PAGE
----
I don’t know if you had a chance to look at the VFX Featurettes from Oblivion which shows the use of projections instead of a green screen replaced by matte painting of plates, but it’s really interesting.
It’s interesting because it seems to be the future of green screen replacement. At least, this is what people say in this featurette. And that’s true, it’s really helping a lot the shot. All the compositors know that it’s a nightmare to make a full greenscreen shot working with a plate. Light never really works on both foreground and background, there is a lot of despill to do, and you keep this layering feeling.
That’s what happened when Lucas shot the new Star Wars trilogy with an empty set. The result is not always very nice, just because it’s impossible to replace big blue or green panels in a realistic way, during a long sequence.
So yes, it’s absolutely right, being able to use projection of a plate which both fill the background, and give the correct light/reflection on the sets and on the characters is a bright idea !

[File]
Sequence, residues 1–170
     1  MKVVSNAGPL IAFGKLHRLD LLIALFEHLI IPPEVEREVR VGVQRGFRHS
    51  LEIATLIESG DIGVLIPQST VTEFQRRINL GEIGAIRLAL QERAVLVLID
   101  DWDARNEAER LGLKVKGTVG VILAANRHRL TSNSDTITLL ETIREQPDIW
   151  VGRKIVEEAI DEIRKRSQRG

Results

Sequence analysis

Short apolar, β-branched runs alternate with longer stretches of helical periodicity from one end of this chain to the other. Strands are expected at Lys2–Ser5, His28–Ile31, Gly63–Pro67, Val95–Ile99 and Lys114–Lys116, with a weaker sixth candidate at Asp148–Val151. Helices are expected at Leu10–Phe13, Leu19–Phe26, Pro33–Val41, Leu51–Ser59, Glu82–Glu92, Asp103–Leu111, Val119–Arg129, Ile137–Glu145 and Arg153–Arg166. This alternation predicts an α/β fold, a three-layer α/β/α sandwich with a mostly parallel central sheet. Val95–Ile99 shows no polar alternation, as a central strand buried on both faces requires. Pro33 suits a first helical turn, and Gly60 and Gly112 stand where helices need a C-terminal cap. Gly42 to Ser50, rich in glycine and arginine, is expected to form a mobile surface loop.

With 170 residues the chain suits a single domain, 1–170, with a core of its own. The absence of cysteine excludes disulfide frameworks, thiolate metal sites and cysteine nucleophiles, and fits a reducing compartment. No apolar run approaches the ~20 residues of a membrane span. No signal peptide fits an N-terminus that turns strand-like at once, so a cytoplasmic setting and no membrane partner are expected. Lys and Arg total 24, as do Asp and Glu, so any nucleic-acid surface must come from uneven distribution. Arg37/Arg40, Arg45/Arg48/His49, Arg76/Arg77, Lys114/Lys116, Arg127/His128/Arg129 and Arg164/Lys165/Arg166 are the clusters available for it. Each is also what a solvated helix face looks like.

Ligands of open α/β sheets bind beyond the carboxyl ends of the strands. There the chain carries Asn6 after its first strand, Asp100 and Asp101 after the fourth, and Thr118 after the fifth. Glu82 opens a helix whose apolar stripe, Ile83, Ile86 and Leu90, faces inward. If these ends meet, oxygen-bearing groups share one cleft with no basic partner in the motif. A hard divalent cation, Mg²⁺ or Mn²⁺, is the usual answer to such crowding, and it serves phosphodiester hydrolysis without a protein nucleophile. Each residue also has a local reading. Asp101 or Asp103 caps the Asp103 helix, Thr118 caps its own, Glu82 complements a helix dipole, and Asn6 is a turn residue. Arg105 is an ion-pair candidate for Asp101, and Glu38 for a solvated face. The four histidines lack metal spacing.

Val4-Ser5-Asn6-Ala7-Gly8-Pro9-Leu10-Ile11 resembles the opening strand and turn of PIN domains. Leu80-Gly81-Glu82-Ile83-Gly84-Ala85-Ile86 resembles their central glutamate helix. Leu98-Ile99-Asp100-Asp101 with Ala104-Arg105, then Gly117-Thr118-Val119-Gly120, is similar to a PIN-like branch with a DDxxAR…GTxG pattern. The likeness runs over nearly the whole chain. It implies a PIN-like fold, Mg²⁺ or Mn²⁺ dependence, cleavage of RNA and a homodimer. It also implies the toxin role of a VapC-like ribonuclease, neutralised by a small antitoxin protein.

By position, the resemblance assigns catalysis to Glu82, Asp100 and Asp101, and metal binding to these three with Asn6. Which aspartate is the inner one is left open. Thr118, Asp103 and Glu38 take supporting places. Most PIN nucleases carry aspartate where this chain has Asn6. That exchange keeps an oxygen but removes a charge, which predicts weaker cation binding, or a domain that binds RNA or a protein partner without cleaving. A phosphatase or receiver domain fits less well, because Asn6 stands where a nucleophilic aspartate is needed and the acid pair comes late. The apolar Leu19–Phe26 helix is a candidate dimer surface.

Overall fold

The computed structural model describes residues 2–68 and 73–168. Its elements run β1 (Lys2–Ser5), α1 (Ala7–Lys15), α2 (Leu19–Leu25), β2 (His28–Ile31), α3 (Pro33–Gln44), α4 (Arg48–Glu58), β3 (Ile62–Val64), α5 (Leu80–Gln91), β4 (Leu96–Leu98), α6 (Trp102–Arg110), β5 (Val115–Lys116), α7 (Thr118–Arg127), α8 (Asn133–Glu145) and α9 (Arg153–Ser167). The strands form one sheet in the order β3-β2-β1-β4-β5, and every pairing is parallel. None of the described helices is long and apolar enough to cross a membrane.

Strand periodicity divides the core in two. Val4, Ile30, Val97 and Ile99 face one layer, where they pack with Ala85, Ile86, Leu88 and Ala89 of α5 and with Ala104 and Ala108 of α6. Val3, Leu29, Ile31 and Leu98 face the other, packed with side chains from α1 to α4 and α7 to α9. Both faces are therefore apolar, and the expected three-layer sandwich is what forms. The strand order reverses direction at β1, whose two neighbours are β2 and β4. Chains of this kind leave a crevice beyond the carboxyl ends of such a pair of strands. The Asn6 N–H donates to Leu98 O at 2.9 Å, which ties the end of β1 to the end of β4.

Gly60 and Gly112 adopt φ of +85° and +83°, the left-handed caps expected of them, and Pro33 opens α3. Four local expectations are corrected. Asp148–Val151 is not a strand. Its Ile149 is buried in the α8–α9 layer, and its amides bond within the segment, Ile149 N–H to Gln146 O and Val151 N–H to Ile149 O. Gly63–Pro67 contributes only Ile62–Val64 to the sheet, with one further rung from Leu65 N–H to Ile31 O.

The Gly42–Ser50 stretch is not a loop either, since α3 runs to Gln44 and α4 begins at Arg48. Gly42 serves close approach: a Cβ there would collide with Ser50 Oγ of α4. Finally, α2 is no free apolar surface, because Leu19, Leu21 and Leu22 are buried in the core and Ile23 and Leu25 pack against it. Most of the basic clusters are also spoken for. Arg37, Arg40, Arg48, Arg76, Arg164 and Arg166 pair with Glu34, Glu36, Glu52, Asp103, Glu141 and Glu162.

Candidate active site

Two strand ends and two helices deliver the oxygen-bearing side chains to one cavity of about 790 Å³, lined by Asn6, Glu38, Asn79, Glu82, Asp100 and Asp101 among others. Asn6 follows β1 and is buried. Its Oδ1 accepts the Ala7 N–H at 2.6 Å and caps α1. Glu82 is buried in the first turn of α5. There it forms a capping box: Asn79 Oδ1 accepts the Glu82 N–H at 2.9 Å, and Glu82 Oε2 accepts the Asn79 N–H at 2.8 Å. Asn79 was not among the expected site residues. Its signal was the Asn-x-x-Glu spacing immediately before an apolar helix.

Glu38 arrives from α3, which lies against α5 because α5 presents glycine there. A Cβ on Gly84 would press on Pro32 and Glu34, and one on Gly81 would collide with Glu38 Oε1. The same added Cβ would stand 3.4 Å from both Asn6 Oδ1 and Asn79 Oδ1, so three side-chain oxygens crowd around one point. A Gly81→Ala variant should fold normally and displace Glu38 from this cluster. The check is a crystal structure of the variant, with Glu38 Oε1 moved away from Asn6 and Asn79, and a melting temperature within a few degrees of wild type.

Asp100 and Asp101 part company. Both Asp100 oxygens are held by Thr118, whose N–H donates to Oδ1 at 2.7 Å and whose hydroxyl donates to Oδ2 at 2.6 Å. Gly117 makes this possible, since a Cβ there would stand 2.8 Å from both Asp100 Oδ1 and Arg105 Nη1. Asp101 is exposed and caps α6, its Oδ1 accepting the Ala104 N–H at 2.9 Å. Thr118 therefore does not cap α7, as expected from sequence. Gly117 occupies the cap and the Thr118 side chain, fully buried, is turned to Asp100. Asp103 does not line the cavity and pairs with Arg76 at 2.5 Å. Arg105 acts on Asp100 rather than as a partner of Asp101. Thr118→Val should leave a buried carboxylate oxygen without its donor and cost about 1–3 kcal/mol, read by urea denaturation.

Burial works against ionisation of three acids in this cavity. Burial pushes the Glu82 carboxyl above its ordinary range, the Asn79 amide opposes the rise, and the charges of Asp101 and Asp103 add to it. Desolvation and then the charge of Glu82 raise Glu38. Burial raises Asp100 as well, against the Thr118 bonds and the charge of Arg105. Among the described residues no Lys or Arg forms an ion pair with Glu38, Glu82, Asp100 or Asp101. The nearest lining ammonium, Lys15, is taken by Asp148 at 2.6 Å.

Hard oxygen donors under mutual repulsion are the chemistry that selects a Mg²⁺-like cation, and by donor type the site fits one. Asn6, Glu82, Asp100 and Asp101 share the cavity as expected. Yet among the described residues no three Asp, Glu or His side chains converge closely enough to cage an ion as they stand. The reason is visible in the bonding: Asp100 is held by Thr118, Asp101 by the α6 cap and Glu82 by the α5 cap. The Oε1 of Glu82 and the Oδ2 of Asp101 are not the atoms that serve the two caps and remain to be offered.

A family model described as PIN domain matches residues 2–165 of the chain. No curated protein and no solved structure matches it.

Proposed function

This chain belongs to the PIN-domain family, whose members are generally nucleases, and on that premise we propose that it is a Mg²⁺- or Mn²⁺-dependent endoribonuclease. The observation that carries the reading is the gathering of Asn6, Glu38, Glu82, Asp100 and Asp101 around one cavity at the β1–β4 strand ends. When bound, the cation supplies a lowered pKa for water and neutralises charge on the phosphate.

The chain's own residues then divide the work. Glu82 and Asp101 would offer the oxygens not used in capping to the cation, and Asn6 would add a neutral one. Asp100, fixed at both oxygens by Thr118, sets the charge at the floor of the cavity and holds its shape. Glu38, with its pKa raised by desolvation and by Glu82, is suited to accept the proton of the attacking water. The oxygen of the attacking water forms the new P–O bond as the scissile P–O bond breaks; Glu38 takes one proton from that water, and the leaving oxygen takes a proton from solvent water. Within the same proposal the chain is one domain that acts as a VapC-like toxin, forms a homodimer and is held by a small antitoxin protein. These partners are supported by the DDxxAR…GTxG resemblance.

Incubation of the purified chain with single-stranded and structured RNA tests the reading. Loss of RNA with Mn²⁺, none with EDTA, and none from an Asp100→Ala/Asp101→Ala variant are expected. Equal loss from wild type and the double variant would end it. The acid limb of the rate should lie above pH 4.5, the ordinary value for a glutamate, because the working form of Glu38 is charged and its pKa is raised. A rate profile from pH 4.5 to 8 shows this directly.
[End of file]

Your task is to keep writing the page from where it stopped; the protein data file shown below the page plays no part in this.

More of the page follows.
They probably haven’t’ been able to keep the BG as it is though, and I’m sure they had to replace it later with another one. But at least, the light on set was right, and even if they had to roto the actor, unless you have hairs or very small objects moving in front of the BG, it’s not dramatic. We would have to roto a lot of things out anyway, even if we had used green/bluescreen. In a matte painting point of view, it’s really useful to have a reference of what give the light of the set. Even if the resolution of the projection is not enough, you clearly see where the light is, the values of the colours, intensity of lights. It makes your work much easier when you want to repaint something then.
Have a look at this video, it’s funny to see how front and rear projections, this amazing techniques we used decades ago are still up to date, even if it’s just to provide a nice lighting and reflection pass, before we put a better BG in place.